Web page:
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"America has two great dominant strands of political thought - conservatism, which, at its very best, draws lines that should not be crossed; and progressivism, which, at its very best, breaks down barriers that should never have been erected." -- Bill Clinton, Dedication of the Clinton Presidential Library, November 2004

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Saturday, September 27, 2008

 

First Debate: yawn

posted by Aziz P. at Saturday, September 27, 2008 permalink View blog reactions
Over at City of Brass, I offer my take on the first presidential debate. In a nutshell, the debate was really solely for the benefit of the undecided, low-information voter which both candidates are trying to woo. And I firmly believe that these voters are fully rational in their thought process - but if fed garbage, the end product of that rational thought process will also be garbage. McCain's strategy is to feed them garbage, and Obama's defense needs to be to factoidify his responses so that there is a better chance of his basic message making it through McCain's wall of FUD. I explain all this in more detail so go take a look! I even have a bonus picture of Vice Presidential Nominee Tina Fey in there.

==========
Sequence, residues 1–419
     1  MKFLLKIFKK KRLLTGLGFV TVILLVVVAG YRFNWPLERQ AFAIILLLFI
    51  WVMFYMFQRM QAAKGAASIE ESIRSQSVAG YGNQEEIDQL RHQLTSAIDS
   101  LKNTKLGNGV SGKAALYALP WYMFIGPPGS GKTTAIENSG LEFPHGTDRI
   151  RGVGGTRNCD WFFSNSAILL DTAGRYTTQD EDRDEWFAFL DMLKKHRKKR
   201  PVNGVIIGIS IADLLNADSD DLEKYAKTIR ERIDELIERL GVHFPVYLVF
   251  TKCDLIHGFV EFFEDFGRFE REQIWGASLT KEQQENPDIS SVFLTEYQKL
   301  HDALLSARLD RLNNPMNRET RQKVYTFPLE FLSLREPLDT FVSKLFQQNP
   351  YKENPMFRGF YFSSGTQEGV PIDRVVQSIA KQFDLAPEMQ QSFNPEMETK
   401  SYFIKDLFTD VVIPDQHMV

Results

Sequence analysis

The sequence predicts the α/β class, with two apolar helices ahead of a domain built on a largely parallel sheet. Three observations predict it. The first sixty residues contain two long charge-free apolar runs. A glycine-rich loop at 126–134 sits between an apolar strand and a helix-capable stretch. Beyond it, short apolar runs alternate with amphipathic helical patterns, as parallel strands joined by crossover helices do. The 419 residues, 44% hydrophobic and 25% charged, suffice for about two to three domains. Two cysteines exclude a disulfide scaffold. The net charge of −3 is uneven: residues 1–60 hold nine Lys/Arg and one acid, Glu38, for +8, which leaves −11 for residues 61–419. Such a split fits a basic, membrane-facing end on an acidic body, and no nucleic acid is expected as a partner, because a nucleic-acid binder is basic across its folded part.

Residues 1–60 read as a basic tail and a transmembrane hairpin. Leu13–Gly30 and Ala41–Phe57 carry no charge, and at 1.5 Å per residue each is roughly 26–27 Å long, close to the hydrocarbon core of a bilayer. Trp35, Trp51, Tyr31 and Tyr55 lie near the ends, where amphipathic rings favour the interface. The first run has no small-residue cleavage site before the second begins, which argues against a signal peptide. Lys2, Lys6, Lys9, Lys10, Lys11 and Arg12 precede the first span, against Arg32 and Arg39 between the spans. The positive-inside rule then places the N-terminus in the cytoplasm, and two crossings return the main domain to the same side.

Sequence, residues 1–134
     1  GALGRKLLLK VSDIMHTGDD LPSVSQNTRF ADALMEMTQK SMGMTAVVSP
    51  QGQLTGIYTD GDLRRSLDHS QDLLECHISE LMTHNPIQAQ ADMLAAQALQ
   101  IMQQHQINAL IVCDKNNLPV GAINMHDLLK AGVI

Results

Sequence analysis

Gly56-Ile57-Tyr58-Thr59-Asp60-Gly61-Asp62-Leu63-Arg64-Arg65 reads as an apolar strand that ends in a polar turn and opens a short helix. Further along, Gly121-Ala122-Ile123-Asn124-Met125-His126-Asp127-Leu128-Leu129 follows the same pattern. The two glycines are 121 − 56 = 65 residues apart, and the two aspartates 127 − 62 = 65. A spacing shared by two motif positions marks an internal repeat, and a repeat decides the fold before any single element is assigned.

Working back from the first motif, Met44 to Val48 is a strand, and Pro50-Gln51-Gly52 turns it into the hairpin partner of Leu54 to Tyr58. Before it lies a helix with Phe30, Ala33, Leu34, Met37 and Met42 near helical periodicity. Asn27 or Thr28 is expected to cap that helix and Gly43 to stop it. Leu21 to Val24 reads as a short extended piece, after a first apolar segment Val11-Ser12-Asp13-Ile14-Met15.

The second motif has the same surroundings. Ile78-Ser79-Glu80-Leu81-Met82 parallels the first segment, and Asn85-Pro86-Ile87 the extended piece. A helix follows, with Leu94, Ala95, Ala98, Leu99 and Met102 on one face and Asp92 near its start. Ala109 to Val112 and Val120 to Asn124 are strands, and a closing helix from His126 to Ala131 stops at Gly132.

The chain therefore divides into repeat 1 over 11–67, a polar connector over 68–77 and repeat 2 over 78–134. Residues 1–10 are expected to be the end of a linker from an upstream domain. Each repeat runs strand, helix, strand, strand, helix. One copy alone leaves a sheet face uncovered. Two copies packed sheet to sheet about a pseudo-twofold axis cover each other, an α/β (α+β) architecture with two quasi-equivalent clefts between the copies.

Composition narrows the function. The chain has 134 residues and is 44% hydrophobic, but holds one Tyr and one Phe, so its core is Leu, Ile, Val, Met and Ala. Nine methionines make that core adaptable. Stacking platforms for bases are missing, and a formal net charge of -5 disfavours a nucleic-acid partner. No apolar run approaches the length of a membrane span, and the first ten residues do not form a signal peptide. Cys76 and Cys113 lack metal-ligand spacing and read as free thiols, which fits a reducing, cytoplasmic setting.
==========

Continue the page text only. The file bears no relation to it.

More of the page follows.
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About Nation-Building

Nation-Building was founded by Aziz Poonawalla in August 2002 under the name Dean Nation. Dean Nation was the very first weblog devoted to a presidential candidate, Howard Dean, and became the vanguard of the Dean netroot phenomenon, raising over $40,000 for the Dean campaign, pioneering the use of Meetup, and enjoying the attention of the campaign itself, with Joe Trippi a regular reader (and sometime commentor). Howard Dean himself even left a comment once. Dean Nation was a group weblog effort and counts among its alumni many of the progressive blogsphere's leading talent including Jerome Armstrong, Matthew Yglesias, and Ezra Klein. After the election in 2004, the blog refocused onto the theme of "purple politics", formally changing its name to Nation-Building in June 2006. The primary focus of the blog is on articulating purple-state policy at home and pragmatic liberal interventionism abroad.